ISIS, in short, is as Wahhabist -- or more so -- as the Saudi King, Abdullah. There is here, surely, a delicious irony in Obama and Kerry taking upon their shoulders the task of seeking the "delegitimization" of the very doctrine from which the Saudi kingdom is derived. The only upholder of "true Islam" and custodian of Mecca happens to share the "same" Islam as ISIS. How can King Abdullah then denounce it? And how could any Muslim, familiar with the issues, take any such denunciation -- were it to be made -- seriously?
French Jews certainly have had enough of all this. Are we still at home, they ask themselves, in this strange country where the vilest anti-Zionism, the stubbornest Holocaust denial, and the murkiest competition for victimhood are combining to produce a new and potentially devastating form of anti-Semitism?
The 20th century challenge was for Scotland to maintain its cultural identity while at the same time cooperating with the four nations of the U.K.. Now the challenge is even greater: to uphold cultural traditions and national identities in a world where there are no such things as nation-only solutions. By answering those who claim that independence can make a difference with policies that show interdependence can make the difference, Scotland can show the way forward by thinking big and not small.
How Modi navigates between a number of adverse currents -- tensions between Japan and China, between Japan and Korea, between China and Vietnam -- will determine the extent to which Asia will play a role in shaping international relations over the next few decades.
What provoked Putin early in November 2013 and later in February 2014 was not Ukraine-NATO integration, but rather EU accession. If anything, serious discussions of Ukraine's NATO membership in 2014 began after (not prior to) Russia's aggression against Ukraine.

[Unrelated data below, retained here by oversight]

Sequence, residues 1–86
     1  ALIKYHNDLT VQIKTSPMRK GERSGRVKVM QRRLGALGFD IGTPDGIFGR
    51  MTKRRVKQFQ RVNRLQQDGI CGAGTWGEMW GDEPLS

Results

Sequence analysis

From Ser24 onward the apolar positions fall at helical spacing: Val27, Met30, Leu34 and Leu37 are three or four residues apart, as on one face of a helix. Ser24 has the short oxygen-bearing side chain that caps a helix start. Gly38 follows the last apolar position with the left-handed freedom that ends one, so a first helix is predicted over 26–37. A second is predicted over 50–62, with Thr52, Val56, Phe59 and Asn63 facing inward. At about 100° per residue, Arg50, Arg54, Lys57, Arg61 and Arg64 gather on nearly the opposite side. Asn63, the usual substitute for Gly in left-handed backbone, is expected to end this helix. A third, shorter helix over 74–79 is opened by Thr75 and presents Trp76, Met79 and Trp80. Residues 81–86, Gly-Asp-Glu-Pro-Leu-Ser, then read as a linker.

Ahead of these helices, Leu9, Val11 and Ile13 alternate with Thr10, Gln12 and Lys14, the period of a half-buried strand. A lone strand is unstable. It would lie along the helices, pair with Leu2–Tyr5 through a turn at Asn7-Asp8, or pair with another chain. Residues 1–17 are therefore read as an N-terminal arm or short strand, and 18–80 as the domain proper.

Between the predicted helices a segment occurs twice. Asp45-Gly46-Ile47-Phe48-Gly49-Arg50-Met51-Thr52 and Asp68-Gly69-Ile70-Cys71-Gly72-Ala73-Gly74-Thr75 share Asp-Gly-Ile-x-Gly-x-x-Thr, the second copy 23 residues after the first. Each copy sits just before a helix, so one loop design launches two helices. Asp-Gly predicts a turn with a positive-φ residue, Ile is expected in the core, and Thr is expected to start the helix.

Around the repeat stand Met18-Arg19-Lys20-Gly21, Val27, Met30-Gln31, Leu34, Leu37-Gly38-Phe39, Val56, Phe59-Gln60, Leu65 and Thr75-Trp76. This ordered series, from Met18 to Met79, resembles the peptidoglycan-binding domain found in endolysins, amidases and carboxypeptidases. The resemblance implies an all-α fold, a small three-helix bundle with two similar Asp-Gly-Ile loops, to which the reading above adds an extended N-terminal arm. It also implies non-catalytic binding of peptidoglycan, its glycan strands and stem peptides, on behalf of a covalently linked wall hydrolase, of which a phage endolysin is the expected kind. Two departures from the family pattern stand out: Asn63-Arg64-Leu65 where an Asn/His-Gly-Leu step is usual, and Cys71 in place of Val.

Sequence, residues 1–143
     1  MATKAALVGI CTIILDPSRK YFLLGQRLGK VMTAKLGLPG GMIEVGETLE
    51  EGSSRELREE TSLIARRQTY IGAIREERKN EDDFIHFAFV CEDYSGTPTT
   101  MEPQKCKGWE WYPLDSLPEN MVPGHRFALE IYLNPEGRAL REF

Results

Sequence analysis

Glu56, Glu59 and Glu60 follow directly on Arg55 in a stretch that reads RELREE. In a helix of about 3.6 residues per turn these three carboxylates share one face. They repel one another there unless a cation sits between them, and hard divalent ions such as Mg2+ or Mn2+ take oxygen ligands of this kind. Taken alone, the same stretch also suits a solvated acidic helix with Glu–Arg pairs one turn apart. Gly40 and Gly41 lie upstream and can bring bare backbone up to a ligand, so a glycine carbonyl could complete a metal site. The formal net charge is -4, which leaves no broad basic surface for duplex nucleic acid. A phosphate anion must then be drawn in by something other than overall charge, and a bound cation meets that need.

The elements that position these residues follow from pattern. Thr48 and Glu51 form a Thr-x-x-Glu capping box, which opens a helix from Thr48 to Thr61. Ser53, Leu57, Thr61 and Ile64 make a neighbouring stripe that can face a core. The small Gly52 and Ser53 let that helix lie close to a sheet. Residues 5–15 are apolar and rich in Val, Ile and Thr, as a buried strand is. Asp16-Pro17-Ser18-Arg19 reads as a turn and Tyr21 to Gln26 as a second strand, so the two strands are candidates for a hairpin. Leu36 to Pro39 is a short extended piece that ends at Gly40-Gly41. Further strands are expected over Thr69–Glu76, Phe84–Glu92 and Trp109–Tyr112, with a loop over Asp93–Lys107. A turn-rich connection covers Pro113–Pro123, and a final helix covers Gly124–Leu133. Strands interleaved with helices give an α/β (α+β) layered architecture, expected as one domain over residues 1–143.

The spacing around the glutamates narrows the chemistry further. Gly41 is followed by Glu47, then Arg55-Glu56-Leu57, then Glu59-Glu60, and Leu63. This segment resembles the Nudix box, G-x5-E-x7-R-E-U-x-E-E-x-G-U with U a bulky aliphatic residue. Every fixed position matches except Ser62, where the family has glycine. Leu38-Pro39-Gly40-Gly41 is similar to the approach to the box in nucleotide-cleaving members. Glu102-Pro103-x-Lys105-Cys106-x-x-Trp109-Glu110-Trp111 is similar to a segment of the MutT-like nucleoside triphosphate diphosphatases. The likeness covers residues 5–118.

India and China both see themselves as having outgrown a world order dominated by the West. They are moving beyond traditional bromides like their joint advocacy of the "Five Principles of Peaceful Coexistence," to pragmatic cooperation in the framework of the BRICS grouping. They recently came together to announce the creation of the BRICS Bank, which will be located in Shanghai and headed by an Indian.
Satire has always been a method for us to explore our faults and false expectations of world order. But satire in the movies might be dead now, replaced by daily satire that is for real. We live in a world of complete and utter madness. Nothing highlights this absurdism like the current conflict with the Islamic State.
Indian Prime Minister Narendra Modi is determined to build close strategic ties with Japan in order to put discreet checks on China's exercise of its rapidly accumulating power. China's strategy of constant outward pressure on its borders not only threatens to destabilize Asia's status quo but is also pushing countries like India, Japan, and Vietnam to strategically collaborate. Modi's priority is to ensure stable power equilibrium in Asia.
"Nobody anticipated the speed of the spread of this outbreak, and the countries coming out of war and civil strife a decade ago had not yet built up their health systems to cope with such an outbreak."